The year 2020 has seen many sports seasons postponed or delayed due to COVID-19. This includes most University of Minnesota-Crookston athletics, as the Northern Sun Intercollegiate Conference announced in August that fall sports will be postponed through December 31.

One UMC team that’s been able to practice and proceed as normal is the trapshooting team. The Golden Eagles are in their second year of competition under second-year head coach Andy Gjerswold.

“I think we’re blessed,” Gjerswold said. “We definitely can’t pass up the opportunity to be doing what we’re doing. There’s a lot of other athletes that are just as dedicated as these guys that are sitting out or even having a hard time practicing, so we’re definitely counting our blessings. We have a sport that helps us follow all of the (COVID-19) guidelines already. We really don’t have to change much in our day-to-day.”

The UMC trap team had its first practice at the Crookston Gun Club on September 9, and will start practicing three times a week on September 22.  Competition will be fairly open-ended as the team will keep track of their scores, and enter them all online at the end of the season, which will be the third week of October. “At the end of the season, they total everything up and publish the scores,” Gjerswold explained.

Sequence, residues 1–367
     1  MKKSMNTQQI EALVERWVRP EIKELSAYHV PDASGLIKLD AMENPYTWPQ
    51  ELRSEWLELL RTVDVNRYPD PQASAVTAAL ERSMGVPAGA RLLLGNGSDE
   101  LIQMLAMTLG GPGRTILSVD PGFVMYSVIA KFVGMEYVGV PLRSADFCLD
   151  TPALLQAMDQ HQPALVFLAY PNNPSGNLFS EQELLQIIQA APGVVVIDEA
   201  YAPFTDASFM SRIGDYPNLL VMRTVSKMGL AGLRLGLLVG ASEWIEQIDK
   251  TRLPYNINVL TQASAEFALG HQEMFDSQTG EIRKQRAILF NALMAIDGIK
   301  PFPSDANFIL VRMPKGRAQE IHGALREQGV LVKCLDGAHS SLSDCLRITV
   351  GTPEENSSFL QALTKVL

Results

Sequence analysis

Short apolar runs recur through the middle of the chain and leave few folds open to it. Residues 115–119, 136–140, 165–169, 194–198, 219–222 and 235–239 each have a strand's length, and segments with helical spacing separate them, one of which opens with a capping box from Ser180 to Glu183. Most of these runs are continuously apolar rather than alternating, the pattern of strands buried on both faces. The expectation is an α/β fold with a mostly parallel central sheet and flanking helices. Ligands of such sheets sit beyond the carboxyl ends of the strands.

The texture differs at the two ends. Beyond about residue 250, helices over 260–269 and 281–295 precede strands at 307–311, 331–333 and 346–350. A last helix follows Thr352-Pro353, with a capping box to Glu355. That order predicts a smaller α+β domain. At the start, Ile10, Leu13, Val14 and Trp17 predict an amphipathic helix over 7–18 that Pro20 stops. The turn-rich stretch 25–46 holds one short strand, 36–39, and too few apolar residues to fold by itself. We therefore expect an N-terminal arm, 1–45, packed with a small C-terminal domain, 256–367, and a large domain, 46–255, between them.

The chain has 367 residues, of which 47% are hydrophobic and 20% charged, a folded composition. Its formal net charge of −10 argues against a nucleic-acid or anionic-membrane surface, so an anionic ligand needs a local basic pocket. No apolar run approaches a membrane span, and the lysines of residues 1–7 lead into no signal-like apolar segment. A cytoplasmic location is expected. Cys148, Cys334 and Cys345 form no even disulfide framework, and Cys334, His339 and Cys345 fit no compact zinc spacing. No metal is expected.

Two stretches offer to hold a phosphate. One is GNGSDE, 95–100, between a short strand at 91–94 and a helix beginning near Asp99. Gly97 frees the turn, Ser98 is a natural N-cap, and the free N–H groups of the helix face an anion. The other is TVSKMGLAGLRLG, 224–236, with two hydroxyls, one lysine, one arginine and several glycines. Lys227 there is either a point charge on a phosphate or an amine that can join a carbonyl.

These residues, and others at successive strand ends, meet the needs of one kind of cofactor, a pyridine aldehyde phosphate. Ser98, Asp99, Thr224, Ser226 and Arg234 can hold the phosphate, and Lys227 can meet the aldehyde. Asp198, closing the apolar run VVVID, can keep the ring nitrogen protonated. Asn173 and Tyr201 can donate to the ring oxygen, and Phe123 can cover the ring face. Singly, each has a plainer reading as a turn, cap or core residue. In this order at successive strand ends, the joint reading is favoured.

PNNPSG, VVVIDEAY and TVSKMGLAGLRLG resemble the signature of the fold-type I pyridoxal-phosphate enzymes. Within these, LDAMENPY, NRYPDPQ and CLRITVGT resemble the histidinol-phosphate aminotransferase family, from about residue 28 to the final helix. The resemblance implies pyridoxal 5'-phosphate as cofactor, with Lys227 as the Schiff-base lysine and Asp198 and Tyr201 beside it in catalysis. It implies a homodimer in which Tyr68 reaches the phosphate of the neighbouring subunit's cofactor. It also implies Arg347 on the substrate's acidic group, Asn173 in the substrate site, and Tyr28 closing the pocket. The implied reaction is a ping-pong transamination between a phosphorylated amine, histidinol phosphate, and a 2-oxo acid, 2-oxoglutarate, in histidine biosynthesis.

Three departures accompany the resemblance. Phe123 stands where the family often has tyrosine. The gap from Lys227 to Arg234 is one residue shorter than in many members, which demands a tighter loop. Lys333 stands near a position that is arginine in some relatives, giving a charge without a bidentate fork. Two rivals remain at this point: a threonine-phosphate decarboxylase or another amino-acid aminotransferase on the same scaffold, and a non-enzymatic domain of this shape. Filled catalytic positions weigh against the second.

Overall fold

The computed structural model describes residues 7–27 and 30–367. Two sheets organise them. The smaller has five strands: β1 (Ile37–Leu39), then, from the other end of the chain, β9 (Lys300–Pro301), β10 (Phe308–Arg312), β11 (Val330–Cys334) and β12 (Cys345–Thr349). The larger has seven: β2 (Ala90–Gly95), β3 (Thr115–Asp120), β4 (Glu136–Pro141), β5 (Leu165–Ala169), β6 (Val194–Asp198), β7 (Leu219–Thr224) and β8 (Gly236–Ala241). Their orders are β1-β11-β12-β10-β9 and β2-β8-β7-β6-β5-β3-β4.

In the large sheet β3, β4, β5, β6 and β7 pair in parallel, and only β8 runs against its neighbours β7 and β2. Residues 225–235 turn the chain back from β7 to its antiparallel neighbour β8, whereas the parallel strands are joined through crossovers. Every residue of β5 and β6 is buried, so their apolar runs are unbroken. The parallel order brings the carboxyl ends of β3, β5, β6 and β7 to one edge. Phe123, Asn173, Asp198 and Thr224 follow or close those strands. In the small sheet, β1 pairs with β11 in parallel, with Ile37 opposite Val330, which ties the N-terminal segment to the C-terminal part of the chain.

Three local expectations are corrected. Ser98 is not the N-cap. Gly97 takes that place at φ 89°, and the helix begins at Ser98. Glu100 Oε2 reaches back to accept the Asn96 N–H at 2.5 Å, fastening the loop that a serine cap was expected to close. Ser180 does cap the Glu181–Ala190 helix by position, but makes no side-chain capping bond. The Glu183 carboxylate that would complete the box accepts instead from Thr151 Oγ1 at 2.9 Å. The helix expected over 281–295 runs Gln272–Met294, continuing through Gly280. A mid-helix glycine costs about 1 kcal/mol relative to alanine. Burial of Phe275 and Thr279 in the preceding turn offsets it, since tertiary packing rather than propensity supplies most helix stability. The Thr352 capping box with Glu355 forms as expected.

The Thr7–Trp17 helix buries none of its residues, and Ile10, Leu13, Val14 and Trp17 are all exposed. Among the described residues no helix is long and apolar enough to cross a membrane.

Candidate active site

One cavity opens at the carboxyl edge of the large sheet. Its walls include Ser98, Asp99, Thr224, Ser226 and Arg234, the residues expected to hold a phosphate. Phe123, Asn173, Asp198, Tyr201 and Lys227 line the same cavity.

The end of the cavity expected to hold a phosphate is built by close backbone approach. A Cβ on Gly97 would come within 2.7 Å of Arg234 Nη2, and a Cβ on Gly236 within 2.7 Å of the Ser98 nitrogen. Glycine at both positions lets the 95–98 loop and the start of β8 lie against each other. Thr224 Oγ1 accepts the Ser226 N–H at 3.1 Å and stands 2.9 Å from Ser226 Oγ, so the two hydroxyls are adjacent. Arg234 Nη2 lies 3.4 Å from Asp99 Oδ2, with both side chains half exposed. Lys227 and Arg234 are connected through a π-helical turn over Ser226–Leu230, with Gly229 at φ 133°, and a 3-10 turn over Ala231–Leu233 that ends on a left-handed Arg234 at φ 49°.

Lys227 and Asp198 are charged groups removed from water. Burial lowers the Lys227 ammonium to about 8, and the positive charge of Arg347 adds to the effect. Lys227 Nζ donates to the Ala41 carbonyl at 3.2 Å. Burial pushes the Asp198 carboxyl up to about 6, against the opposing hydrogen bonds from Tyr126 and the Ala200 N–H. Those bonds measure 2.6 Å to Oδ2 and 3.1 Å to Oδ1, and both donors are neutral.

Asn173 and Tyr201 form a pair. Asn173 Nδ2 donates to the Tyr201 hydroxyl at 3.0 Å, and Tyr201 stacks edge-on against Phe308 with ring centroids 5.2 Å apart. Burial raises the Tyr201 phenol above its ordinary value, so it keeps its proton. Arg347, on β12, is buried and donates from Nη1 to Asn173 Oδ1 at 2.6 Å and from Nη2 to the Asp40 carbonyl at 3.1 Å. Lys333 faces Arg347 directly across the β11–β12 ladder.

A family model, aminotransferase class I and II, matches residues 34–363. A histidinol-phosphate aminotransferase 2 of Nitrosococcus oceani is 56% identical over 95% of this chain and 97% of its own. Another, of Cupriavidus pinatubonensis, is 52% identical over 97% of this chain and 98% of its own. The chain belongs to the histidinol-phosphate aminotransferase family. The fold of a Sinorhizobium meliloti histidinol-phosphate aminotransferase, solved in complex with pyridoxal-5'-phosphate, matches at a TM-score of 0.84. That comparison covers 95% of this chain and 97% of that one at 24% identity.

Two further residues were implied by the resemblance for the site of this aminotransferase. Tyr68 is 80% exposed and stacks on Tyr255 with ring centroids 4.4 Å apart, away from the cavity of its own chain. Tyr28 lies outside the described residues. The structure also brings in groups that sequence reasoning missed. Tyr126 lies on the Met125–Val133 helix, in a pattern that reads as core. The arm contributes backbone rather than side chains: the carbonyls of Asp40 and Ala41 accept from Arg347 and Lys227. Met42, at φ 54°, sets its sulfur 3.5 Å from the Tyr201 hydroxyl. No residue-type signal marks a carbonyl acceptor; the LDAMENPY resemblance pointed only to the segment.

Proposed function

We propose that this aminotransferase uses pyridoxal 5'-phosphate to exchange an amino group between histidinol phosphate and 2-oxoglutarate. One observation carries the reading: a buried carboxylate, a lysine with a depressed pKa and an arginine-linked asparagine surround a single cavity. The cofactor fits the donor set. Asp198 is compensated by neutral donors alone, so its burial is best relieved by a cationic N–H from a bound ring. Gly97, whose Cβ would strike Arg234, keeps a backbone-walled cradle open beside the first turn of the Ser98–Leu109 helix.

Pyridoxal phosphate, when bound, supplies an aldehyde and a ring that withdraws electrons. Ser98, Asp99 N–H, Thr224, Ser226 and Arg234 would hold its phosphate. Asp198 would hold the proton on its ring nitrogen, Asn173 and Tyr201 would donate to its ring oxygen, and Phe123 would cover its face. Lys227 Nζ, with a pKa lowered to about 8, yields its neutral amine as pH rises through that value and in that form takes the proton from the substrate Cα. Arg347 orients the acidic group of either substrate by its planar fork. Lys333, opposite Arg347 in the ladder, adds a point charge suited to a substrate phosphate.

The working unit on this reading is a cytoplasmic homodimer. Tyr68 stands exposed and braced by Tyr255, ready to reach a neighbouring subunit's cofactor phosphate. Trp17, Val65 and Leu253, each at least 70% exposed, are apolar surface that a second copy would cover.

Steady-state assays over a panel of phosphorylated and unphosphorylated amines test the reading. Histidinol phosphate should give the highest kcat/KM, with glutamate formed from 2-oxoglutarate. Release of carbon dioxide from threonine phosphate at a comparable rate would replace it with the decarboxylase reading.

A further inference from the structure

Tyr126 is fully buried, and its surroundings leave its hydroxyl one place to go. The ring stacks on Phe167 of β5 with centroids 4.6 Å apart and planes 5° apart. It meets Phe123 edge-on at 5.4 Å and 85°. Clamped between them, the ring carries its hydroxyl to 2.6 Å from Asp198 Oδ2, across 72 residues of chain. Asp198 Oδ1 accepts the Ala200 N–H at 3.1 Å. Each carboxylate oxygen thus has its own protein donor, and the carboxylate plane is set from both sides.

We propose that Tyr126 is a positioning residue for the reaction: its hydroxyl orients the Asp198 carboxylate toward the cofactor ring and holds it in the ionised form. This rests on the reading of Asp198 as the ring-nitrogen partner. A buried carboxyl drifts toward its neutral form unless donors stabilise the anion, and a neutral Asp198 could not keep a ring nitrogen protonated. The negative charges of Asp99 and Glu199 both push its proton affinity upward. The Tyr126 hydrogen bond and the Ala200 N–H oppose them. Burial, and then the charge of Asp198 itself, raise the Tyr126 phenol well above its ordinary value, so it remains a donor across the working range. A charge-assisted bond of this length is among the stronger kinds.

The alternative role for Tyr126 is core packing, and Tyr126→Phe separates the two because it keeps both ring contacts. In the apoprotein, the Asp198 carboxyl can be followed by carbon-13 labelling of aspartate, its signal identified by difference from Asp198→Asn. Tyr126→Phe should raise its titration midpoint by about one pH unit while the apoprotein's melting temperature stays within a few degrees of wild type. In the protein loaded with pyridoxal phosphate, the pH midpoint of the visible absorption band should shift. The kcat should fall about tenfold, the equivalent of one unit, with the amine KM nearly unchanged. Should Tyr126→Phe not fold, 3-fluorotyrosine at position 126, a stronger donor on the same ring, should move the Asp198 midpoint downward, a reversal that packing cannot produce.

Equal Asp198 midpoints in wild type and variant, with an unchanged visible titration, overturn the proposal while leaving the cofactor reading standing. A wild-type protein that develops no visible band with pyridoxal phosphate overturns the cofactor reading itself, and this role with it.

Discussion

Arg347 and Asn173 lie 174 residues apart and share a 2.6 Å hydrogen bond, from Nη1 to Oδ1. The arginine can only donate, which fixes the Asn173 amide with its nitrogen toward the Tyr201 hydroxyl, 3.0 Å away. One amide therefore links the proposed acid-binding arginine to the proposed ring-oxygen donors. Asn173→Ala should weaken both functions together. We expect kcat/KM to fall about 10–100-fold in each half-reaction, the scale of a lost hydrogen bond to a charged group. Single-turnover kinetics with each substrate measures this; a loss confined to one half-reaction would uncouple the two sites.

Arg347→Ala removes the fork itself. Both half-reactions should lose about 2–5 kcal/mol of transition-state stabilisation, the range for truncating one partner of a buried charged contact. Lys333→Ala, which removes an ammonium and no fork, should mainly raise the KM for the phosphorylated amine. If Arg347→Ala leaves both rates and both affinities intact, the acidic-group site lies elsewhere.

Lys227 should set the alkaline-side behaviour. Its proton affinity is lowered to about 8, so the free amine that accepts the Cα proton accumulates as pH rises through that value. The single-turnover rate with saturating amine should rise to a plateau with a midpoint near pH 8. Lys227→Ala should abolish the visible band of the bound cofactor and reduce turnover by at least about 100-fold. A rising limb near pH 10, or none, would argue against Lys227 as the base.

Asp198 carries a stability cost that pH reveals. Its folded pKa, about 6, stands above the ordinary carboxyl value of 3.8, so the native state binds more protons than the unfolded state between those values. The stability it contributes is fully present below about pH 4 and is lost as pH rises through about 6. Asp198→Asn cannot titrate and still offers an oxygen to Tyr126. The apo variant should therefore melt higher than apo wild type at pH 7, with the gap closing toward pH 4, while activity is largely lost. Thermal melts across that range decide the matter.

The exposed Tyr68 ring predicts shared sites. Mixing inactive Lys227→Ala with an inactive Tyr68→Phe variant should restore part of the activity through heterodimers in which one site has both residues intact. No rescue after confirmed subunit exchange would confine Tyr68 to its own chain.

UMC competes in the USA College Clay Target League with 33 other schools across the country, including Bemidji State, the University of Jamestown, and Lake Region State College in Devils Lake. In their first season of competition, UMC finished second overall in the league in 2019.

Senior and Little Falls native Aria Kapsner is back for her second season, and she says expectations are high for the Golden Eagles’ second year. “Going in, none of us had any idea what to even expect for being the first-ever UMC trapshooting team,” Kapsner said. “It was really rewarding to know that we can actually do this, and that we can become well known on campus for doing well at our sport.”

Senior Colton Schrempp is from Victoria and he is also back for a second season. He says one of his favorite things about the sport is the feeling of both individual and team competition. “It’s a team, but it’s individual,” he said. “Every time you go out there, you’re competing against yourself to try and improve, but at the same time, it is also a team trying to do something bigger with other people.”

On top of that, in a year that’s been filled with new challenges and uncertainty, Kapsner said getting out to the gun range is a relaxing and safe break from the real world. “That’s why it’s so great to come out here,” Kapsner said. “One, we’re outside. Two, we kind of get to forget about COVID for a little bit and just kind of live life as college students, doing their collegiate sport. So, it’s been a huge blessing that we’re still able to come here and shoot.”